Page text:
Israel, Saudi Arabia have common enemy, areas of cooperation: Bin Salman
Iran Press TV
Thu Apr 5, 2018 06:06PM
In an apparent reference to Iran, Saudi Crown Prince Mohammed bin Salman says the regimes in Saudi Arabia and Israel have "a common enemy" and that they could immediately normalize their relations once the Palestine issue is resolved.
In an interview with the TIME magazine published on Thursday, the first in line to the Saudi throne spoke of the prospect of Riyadh-Tel Aviv relations, describing the regime's conflict with the Palestinians as the only obstacle to the normalization of ties with Israel.
"We have a common enemy, and it seems that we have a lot of potential areas to have economic cooperation," the crown prince said.
The remarks come days after bin Salman, in an interview with the Atlantic, attempted to put Israeli and Palestinian land claims on an equal footing in a dramatic shift in Riyadh's long-held position on Palestine, saying Israelis, like Palestinians, have the "right" to have "their own homeland."
That interview stirred so much controversy among the defenders of the Palestinian cause that apparently forced the prince's father, Saudi King Salman, to reaffirm support for the Palestinians and their "legitimate rights" to an independent state in a phone call with US President Donald Trump.
Bin Salman, Saudi Arabia's de facto leader, repeated the same stance in his remarks to Time and said both Israelis and Palestinians "have the right to live and coexist."
Saudi Arabia has been the main sponsor of the Arab Peace Initiative, which envisions a so-called two-state solution to the Israeli-Palestinian conflict.
However, prior to bin Salman, no senior Saudi official had publicly accepted that Israel has a right to any land.
"We cannot have relations with Israel before solving the peace issue with the Palestinians," but "when it happens, of course next day we'll have good and normal relations with Israel and it will be in the best for everyone," he stated.
Saudi Arabia does not officially recognize Israel and has no formal ties with the regime. However, the two sides have been widely reported to have cooperated secretly for years.
The warming of Riyadh-Tel Aviv relations has gathered pace since June 2017, when bin Salman became the crown prince.
In recent months, the kingdom has been gradually softening its public posture toward Israel in what analysts describe as an attempt by Riyadh to prepare public opinion at home and elsewhere for potential normal relations with Israel.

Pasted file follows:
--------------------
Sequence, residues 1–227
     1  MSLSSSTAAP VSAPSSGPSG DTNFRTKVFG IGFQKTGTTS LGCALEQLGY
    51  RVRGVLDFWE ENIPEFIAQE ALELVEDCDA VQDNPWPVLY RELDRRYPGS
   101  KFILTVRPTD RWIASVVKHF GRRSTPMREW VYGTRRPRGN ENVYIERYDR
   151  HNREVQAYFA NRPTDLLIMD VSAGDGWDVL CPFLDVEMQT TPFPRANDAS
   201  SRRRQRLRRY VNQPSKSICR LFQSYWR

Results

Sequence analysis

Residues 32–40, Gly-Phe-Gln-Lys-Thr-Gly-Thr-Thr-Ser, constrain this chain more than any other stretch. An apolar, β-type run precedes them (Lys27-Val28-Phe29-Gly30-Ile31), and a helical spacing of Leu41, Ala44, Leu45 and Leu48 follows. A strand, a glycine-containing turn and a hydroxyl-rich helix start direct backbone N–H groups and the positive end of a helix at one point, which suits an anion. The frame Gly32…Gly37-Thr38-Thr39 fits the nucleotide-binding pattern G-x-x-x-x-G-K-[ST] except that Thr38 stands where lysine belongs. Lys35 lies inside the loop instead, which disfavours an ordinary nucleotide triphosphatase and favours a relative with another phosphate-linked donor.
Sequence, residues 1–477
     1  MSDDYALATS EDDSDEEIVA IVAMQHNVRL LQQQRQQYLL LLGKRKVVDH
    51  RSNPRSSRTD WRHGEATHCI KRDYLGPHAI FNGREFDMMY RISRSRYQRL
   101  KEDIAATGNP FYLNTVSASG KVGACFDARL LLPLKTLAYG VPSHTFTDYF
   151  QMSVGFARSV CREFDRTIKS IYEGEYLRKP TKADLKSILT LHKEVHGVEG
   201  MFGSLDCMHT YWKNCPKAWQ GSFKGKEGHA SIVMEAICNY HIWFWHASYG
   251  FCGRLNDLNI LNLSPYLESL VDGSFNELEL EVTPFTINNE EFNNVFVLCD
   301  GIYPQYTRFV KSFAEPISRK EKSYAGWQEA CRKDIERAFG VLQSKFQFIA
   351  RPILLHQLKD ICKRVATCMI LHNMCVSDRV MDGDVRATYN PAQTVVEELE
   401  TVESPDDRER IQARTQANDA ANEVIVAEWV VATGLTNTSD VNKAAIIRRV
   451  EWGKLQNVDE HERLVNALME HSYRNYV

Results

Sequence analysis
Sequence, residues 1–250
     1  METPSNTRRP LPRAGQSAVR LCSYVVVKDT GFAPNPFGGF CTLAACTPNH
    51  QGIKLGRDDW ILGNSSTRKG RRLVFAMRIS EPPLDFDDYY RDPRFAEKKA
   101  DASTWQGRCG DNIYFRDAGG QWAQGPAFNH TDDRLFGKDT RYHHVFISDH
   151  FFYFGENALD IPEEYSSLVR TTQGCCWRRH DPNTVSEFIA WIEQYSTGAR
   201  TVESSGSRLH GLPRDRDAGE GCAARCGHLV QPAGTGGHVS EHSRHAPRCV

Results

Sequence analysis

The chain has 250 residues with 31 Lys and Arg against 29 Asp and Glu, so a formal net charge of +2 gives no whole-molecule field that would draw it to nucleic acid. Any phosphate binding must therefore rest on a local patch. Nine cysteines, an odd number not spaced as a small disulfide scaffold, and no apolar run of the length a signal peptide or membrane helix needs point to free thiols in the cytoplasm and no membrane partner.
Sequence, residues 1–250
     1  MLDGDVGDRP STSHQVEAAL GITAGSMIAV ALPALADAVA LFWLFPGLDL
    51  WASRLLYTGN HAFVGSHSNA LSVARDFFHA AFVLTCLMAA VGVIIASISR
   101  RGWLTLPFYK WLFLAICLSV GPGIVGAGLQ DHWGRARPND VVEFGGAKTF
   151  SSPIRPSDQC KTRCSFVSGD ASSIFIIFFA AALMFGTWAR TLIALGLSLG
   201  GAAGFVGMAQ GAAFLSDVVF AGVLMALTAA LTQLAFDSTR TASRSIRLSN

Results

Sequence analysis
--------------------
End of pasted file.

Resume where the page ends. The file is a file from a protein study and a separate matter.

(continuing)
Recent reports also suggest that Saudi Arabia has taken up an active role to in US attempts to scramble a "peace" deal between the Israelis and Palestinians to get rid of the decades-long conflict, which Riyadh views as a stumbling block to overt relations with Tel Aviv.
Last November, Lebanon's al-Akhbar daily published a secret undated letter from Saudi Foreign Minister Adel al-Jubeir to bin Salman, in which he outlined a roadmap for normalizing ties with Israel with the ultimate goal of uniting against Iran, their common enemy.
Under that roadmap, Saudi Arabia and Israel would first try to resolve the Palestine issue, with Riyadh making huge pro-Israel concessions on the issues of Palestinian refugees and the occupied Jerusalem al-Quds, which the Palestinians want as the capital of their future state.
Afterwards, they would pursue their "common goals" regarding Iran.
Last November, Palestinian Authority President Mahmoud Abbas traveled to Riyadh for closed-door talks with bin Salman about Trump's Middle East plans, which are yet to be unveiled.
The New York Times cited Palestinian, Arab and European officials as saying a month later that bin Salman presented a plan "that would be more tilted toward the Israelis than any ever embraced by the American government, one that presumably no Palestinian leader could ever accept."
"The Palestinians would get a state of their own but only noncontiguous parts of the West Bank and only limited sovereignty over their own territory. The vast majority of Israeli settlements in the West Bank, which most of the world considers illegal, would remain. The Palestinians would not be given East Jerusalem (al-Quds) as their capital and there would be no right of return for Palestinian refugees and their descendants," the report said.
Bin Salman's latest interview comes towards the end of its three-week tour of the United States, where he met with leaders of a number of pro-Israeli lobbying groups, including the American Israel Public Affairs Committee (AIPAC).
The Israeli military's chief of staff, Gadi Eizenkot, recently said the regime was ready to share intelligence with Saudi Arabia on Iran.
Israeli Energy Minister Yuval Steinitz has indicated that Israel has had secret contacts with Saudi Arabia and other Arab countries over their mutual concerns about Iran.
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